I will be calling around the stores locally tomorrow to see if I can find one. I think I like the second one better because of the variable heat settings. Who knows how much heat silk organza will take. Then again... eBay... Yep! Someone is selling the second one, so I have that on watch if nothing local is available.


Bored now.
July 27th, 2005

Bored now. I've actually managed to pin the linen lining in place on the base piece, and started pinning and sewing the coronet piece, but I'm bored. I also realized after pinning the base piece that I should put the gold goffer in place first, but I am stumped on how to pleat that piece to look right. So I've asked for suggestions from people on a couple of mail lists I am on. I guess I can ask that of a few LJ communities as well. So, it's back to hand sewing the coronet, and my hands just aren't up to the pain of it.

I really want to work on a gown... but that really does have to wait till this winter. I could work on the drapes around here... That's a thought. Maybe after Cam goes to bed I can get c0demonkey to put up the boards for the main drapes in the living room. Not all that hard to do, but it would mean being able to sew on the machine doing something a bit more creative, until I can figure out the goffering thing (goffering = pleating).

So... now what...


DD: French Hood - sewing the fashion fabric pt II
July 25, 2005

More thoughts while I am waiting for dinner.

I finally got the base covered in the fashion fabric, and it looks pretty good on the topside. Thankfully, the underside will be hidden from view, because the sewing and fluffy parts coming off are just plain UGLY! So, here's some more notes on what to do or not do when working on a F-hood.

  • Keep the hands clean when working on white silk. The hood is getting messier than I want to deal with. I may add Scotchgard later to keep it cleaner longer.
  • It is ok to flatten out parts of the hood while sewing it. I just have to rebend the section when I move on.
  • Remember to get another leather thimble. The metal one sucks!
  • I am using white silk thread in a single strand, and it likes to fall off the needle a LOT. I finally made a square knot in the thread and it stays on ok. I just have to let it spin off the twist buildup every once in awhile.
  • I am pinning a few inches at a time. I found if I pinned more, then more of the silk would unravel before I got there, and the pins are more in the way than the clips are.
  • Next time, try cotton flannel instead of dommette or muslin on the wrong side. It will pad a bit more than muslin, and still have something to sew into for the fashion fabric.
  • I may want to glue the f-fabric in place along the lower points where it lies near the cheeks. Because of the curve and the lack of pull in the f-fabric, some parts there kinda bubbled, which doesn't look good. It may end up getting covered with the jewels later, so we shall see.
  • Silk thread is wonderful! Used a little Thread Heaven on the strand, and sewing was a breeze compared to cotton or poly blend threads.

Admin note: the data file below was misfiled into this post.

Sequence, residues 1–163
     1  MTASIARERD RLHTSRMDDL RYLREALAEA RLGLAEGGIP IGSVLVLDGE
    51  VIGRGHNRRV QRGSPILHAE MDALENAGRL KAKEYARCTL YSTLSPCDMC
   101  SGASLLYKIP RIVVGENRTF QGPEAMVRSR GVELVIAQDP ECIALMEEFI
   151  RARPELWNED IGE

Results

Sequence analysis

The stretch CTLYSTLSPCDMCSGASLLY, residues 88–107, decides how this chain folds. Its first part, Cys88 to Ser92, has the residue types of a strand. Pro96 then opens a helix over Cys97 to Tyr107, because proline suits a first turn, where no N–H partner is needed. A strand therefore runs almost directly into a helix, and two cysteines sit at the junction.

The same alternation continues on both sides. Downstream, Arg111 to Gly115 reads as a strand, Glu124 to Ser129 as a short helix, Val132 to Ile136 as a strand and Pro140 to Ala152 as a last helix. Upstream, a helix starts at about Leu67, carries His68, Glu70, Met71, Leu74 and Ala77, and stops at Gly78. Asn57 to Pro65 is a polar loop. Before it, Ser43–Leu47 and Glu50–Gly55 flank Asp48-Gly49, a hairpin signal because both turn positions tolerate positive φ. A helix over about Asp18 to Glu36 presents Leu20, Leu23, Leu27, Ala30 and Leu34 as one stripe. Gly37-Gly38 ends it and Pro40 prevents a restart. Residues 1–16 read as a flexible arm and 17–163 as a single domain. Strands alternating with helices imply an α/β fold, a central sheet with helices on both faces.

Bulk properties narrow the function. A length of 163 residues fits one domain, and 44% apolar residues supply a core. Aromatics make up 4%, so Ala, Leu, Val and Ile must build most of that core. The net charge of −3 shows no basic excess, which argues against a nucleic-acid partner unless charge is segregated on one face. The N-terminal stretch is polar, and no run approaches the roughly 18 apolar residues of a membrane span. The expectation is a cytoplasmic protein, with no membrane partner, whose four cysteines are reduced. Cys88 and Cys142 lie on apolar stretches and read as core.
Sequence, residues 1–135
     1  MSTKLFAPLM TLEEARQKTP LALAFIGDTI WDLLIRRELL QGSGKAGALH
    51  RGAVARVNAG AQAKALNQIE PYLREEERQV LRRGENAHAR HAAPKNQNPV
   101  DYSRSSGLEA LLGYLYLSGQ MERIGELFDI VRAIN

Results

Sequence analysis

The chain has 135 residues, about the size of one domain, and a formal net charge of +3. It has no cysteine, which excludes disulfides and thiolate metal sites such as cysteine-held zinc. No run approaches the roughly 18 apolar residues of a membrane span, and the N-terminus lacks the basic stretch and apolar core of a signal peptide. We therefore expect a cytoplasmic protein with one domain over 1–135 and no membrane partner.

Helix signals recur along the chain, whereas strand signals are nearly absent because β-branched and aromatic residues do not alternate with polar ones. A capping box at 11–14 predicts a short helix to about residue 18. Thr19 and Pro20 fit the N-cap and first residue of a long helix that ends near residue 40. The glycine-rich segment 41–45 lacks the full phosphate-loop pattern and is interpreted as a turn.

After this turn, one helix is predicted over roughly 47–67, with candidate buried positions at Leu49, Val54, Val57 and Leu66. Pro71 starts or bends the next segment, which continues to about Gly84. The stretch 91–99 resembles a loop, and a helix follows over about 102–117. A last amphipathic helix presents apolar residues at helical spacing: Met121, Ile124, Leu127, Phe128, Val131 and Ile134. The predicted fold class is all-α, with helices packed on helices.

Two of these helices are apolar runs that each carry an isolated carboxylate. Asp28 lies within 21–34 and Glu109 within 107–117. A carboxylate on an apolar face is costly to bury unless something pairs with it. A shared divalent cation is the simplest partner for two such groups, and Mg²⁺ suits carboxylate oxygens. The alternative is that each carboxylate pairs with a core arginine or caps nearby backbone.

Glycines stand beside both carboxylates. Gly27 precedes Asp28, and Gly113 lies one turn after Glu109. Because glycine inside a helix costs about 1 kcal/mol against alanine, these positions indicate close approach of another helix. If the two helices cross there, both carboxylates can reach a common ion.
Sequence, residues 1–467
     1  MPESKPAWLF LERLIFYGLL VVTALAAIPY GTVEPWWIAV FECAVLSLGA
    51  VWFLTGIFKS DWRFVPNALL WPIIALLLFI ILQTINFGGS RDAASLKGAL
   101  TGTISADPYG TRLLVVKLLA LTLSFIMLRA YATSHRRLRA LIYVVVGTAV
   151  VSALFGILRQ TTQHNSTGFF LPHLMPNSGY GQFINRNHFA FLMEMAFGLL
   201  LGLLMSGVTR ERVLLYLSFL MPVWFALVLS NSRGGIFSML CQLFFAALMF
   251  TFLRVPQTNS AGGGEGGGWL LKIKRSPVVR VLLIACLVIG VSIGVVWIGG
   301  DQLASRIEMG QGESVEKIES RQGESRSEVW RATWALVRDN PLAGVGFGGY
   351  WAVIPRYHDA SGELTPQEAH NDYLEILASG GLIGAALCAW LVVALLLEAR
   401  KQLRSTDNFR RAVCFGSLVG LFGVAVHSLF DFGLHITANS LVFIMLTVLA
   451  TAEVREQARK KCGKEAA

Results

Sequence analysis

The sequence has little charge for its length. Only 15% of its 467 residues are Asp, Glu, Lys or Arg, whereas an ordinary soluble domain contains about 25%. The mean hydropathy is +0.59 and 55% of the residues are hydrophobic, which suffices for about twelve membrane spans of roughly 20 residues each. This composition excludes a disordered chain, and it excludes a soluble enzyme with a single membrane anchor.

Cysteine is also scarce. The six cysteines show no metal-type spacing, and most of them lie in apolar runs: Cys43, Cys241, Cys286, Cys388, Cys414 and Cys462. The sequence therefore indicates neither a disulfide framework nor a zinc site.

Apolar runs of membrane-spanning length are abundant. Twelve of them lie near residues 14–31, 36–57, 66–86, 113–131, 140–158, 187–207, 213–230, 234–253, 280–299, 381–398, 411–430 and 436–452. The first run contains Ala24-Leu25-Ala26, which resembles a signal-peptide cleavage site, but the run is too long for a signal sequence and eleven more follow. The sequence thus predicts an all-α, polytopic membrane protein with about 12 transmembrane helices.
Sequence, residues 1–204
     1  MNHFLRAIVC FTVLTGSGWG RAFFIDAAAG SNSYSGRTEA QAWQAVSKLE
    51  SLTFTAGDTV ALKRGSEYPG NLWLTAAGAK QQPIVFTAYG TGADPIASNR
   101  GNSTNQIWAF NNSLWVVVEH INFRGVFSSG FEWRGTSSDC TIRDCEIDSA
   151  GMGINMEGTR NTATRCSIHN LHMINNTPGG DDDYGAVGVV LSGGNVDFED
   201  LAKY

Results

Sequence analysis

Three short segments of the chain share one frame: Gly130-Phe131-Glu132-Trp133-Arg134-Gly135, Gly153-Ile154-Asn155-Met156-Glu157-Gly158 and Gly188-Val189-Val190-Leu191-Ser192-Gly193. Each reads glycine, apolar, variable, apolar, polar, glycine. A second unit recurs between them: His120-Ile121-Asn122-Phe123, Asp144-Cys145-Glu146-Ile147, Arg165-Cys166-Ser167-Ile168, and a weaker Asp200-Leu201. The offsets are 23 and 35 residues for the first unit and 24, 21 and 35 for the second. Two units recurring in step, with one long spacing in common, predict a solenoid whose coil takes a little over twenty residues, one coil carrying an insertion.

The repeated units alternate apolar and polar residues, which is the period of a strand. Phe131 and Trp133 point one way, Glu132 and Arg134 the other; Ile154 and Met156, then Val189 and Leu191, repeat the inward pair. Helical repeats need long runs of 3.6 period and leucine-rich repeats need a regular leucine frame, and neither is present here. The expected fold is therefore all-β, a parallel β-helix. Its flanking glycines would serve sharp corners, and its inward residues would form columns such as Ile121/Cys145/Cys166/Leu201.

• It is worth working at a table instead of sewing the hood in the lap. My back isn't as bad after today's work, as it was last night. Having good overhead light is also a must.

Well, tonight after Cam sleeps I may work on the coronet next, or finish off the base with the lining material, not sure which. But the smell of dinner is calling me!


DD: French hood - sewing the fashion fabric pt I
July 24, 2005

Just some thoughts on tonight's hand work.

OUCH!! My fingers are hurting, because I am using a straight needle to sew the fashion fabric to a curved object. Yeah, it would be faster to machine sew the seam allowance of the fashion and lining material, but I know from previous experience with my husband's Italian bonnet that there will be a seam showing at the edges, and the form will not fit into the fabric as a sandwich all that well. The book I use even mentions that, which is why the fashion fabric is sewn by hand, and then the lining applied to cover.

I decided to go with both the base and the coronet in white, and the hood in black. I am not sure why I finally decided that, but it is a period option.

Next time I will put a muslin or something else on the underside of the form, instead of dommette. That fluffy stuff just isn't the best thing to sew into, and because I glued the smooth part and not the fluffy part on the underside, fluffy pieces are coming off everywhere I sew. It's just messy. Thankfully, the stitches are holding so far, and it will get covered by the lining.

I must also remember to add 3/4" seam allowance to give myself extra room for the edge turnover. 1/2" would work for machine sewing the pieces, but not the handsewing.

But the smoothness of the top side is looking good. I am using pins now instead of the clips as that works better at this point. I do have to make sure not to stick the pins too far from the back into the front, as the silk will snag, and that isn't good.

Hopefully, I will have this hat sewn in a day or two, depending on the free time I get. It just isn't as fast as hand sewing flat seams with both sides being fabric. But it will look good... it better!


DD: 1545 French Hood - Mulling it over (with photos)
July 23, 2005

On a quiet Saturday afternoon my leg pain today is minimal. Good thing as it was very painful last night and had me on my back for a long time once I could lie down.

So today, while both Cam and c0demonkey are napping, I am working on my French Hood as I can. It's hard standing up to iron things, but I can sew a bit sitting down as long as my back is straight and supported.